ninety or more. They are all musical, refined, full of feeling, some of
them strikingly original; but before the few great ones of Beethoven,
the numberless songs of Schubert, those of Schumann, and above all
Robert Franz, they retreat into the shade. Yet they have been favorites
in musical homes and concert rooms, especially in England, where they
introduced the love of German song, tempting many feeble imitators, while
awakening there some worthier responses from the kindred spirit, Sterndale
Bennett.

More truly original, with more marrow in them, and more of the enduring
quality, are his four-part songs, both for mixed and for male voices.
These have been the staple and the best material on which the Liedertafeln
all over Germany, and the part-song clubs of England and America have
built. After more pretentious, ingenious, sensational part-songs of later
origin, it is always refreshing to hear one of them; for they are sincere
music, thoroughly artistic, with heart and soul and poetry in them. With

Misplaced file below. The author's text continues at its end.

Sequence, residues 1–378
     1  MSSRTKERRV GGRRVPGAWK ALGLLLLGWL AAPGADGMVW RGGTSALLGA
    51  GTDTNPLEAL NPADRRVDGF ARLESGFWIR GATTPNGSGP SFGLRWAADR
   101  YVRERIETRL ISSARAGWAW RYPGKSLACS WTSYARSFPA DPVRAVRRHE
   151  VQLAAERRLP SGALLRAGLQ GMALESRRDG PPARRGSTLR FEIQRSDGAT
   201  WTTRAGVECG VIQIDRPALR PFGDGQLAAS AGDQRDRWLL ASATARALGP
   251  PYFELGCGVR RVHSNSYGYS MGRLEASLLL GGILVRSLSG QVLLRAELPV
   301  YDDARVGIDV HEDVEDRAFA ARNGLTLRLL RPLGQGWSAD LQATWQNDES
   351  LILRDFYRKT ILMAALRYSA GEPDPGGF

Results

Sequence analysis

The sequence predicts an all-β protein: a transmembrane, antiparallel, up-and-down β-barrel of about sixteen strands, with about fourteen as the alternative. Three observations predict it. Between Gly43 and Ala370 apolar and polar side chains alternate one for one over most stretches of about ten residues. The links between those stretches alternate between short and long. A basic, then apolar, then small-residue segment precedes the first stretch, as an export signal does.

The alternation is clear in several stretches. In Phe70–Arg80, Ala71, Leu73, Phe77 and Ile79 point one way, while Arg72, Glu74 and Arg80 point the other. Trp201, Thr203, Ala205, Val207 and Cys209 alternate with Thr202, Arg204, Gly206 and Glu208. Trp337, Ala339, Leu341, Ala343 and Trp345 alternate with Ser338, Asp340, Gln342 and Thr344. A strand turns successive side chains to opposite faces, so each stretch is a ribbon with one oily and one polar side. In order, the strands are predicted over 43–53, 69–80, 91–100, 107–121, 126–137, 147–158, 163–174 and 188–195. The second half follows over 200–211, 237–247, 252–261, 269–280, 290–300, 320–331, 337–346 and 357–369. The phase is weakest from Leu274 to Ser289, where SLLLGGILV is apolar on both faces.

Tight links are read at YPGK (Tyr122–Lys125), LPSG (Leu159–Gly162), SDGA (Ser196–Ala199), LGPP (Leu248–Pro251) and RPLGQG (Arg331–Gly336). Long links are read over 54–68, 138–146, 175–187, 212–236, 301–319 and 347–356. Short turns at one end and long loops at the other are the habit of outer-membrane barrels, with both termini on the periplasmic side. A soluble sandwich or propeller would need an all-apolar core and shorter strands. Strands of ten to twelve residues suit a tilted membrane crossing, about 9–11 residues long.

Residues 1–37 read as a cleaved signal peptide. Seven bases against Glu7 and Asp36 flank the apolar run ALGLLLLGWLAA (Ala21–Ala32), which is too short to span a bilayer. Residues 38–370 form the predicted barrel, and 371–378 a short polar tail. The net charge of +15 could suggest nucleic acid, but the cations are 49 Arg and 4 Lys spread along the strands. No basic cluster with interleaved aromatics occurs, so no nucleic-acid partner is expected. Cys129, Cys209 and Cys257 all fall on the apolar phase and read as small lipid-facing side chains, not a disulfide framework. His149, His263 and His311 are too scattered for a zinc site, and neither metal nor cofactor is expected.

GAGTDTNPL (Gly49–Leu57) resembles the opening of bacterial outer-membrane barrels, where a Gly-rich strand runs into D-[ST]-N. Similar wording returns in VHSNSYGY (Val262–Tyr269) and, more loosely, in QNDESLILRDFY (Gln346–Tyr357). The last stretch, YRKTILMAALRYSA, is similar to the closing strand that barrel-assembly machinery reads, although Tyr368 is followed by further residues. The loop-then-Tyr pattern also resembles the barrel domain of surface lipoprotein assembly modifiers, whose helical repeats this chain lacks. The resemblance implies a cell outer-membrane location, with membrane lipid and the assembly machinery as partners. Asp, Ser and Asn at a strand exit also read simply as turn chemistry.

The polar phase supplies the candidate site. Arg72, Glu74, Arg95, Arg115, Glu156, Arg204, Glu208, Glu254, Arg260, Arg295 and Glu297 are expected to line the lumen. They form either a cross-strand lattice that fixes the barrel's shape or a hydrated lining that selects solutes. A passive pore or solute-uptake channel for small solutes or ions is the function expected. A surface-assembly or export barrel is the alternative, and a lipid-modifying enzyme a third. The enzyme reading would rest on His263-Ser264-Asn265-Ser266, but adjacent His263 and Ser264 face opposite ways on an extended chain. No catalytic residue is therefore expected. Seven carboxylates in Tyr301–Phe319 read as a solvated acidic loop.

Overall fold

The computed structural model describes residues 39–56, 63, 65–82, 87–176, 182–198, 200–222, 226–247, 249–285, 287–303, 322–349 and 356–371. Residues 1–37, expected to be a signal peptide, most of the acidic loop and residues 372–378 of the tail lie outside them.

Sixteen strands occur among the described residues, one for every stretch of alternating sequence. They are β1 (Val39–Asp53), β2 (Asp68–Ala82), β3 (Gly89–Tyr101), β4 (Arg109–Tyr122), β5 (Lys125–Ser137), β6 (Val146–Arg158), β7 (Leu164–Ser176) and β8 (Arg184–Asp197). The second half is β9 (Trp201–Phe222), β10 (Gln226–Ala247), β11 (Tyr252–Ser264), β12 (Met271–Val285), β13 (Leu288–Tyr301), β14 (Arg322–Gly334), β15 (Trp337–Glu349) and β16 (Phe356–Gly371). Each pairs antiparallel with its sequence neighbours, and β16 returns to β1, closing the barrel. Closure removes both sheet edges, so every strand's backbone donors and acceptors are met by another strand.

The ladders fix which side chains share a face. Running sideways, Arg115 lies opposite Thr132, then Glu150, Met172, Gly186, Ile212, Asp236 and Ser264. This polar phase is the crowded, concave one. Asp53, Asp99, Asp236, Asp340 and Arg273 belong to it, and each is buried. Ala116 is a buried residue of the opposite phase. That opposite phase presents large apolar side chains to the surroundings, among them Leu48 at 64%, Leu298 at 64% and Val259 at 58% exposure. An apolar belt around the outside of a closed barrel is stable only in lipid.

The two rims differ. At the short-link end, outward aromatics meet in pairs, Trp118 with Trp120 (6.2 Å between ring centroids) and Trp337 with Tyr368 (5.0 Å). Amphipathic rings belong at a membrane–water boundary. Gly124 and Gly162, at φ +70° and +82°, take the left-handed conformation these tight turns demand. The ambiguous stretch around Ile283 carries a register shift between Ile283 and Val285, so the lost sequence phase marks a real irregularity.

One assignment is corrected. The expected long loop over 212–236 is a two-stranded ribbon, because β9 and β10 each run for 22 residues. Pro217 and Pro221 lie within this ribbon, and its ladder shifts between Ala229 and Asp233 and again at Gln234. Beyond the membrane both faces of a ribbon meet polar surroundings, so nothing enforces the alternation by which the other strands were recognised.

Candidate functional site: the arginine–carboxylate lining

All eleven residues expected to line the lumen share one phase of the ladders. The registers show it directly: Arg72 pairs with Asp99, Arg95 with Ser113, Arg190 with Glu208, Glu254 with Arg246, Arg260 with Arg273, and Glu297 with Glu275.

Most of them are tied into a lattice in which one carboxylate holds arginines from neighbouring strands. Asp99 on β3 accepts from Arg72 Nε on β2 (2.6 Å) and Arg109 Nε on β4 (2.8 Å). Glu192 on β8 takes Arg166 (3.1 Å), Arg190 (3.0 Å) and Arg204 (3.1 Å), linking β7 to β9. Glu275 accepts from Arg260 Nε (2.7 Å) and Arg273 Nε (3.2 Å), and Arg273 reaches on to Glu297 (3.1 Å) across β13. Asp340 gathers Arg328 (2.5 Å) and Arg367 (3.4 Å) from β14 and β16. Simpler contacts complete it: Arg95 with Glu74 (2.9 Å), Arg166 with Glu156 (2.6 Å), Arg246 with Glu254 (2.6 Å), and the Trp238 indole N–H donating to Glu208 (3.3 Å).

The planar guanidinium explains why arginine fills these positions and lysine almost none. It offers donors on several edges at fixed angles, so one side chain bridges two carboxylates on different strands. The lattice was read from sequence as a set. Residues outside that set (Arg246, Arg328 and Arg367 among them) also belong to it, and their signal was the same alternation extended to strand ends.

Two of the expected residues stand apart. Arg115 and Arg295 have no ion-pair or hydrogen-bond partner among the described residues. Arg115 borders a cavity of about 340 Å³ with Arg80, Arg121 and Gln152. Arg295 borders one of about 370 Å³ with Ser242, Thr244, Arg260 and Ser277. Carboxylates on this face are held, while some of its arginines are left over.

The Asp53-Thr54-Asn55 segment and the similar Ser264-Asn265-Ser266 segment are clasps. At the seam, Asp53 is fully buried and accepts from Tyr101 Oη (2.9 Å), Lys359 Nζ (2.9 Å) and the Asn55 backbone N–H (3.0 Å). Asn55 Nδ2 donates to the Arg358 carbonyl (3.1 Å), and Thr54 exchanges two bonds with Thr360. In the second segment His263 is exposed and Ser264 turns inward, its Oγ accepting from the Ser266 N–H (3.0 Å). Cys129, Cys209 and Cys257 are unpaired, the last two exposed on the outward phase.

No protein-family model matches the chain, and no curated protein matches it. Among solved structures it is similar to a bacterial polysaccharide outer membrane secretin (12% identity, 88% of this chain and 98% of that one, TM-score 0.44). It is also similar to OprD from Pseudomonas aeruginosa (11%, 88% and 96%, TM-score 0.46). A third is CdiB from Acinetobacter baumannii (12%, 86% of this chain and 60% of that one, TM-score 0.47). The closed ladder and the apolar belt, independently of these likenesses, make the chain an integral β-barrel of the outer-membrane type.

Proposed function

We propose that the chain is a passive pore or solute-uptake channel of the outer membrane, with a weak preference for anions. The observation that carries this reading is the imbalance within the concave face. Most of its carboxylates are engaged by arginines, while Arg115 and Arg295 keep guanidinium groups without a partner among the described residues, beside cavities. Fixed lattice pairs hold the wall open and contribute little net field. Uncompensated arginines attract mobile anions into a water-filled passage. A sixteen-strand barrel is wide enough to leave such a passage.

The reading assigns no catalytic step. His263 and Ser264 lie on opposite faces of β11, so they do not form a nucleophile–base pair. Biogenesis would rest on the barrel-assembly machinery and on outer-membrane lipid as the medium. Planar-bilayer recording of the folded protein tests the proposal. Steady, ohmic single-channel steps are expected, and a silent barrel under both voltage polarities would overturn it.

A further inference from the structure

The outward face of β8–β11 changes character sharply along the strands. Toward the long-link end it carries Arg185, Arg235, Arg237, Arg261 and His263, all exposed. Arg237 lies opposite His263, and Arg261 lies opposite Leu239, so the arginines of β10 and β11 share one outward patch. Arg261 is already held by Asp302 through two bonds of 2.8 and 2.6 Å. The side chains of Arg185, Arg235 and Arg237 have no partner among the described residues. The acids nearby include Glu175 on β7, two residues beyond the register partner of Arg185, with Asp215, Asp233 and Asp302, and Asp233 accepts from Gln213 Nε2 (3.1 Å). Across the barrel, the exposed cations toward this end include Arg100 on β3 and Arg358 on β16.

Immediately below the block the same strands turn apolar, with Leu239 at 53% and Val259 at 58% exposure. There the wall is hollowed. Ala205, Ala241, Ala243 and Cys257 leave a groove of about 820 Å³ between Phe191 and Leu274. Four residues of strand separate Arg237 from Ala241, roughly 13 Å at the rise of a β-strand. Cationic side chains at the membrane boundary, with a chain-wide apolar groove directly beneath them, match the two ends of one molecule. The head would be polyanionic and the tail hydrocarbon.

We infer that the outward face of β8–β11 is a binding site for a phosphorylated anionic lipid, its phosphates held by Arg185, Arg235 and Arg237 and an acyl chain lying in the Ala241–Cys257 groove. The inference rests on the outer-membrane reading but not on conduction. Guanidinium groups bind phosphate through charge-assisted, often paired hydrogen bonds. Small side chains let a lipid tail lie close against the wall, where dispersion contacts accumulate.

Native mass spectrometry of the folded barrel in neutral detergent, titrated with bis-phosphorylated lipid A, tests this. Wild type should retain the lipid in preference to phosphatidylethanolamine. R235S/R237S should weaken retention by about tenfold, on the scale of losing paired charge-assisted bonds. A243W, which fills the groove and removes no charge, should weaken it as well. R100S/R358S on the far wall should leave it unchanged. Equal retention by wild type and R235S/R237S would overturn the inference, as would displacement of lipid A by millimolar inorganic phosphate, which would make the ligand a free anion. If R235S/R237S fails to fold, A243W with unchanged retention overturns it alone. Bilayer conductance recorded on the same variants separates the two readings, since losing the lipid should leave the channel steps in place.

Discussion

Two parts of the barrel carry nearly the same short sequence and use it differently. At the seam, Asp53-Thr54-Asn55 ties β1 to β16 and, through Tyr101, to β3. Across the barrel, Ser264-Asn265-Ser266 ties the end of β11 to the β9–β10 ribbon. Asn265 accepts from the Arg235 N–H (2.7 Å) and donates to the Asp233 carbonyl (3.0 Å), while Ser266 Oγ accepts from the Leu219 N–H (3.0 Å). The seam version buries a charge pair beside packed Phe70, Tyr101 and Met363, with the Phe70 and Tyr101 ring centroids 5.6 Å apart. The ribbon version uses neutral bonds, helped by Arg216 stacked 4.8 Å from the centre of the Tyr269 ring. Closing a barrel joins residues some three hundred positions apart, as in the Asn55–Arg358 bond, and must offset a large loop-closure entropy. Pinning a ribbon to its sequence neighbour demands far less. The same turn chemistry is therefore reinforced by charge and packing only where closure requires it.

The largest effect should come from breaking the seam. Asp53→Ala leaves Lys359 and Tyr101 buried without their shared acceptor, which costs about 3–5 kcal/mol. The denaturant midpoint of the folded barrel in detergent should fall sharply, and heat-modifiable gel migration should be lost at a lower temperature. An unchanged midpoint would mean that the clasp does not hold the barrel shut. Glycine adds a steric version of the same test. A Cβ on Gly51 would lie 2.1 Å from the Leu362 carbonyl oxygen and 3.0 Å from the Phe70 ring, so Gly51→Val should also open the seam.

them we may mention several larger pieces for male chorus, such as he
composed to Schiller's Ode "To the Artists," with accompaniment of brass.
The exhortation of the music is worthy of the poem; male choirs feel well
when they lift their voices in a strain so manly and so edifying.

We come now to a lofty form of choral and orchestral music, which we owe
to Mendelssohn. In setting two of the Greek tragedies of Sophocles he had
no old Greek music for a model. The spirit of the dramas lay in the text
of Sophocles. He had read the _Antigone_ in the Greek, and so far got his
inspiration at first hand. He took the suggestion from Frederic William
IV., King of Prussia, during a summer residence in Berlin in 1841. The
peculiar function of the Chorus in the Greek tragedies, as a mediator
between the actors and the audience, commenting in some sort of rhythmical
chant upon what was passing on the stage, and the sublimity of some of
those choruses, make us feel that there could not have been a truer
artistic idea than that of setting them to music, realizing and carrying
out their vague embryonic musical aspiration as it could only be realized
in these modern times after music had become an art. Mendelssohn's
inspiration seems to have sprung congenially from that of Sophocles; and
this music is of the freshest, manliest, most original and vigorous that
he has left.

_Antigone_ was the first experiment. He composed it in eleven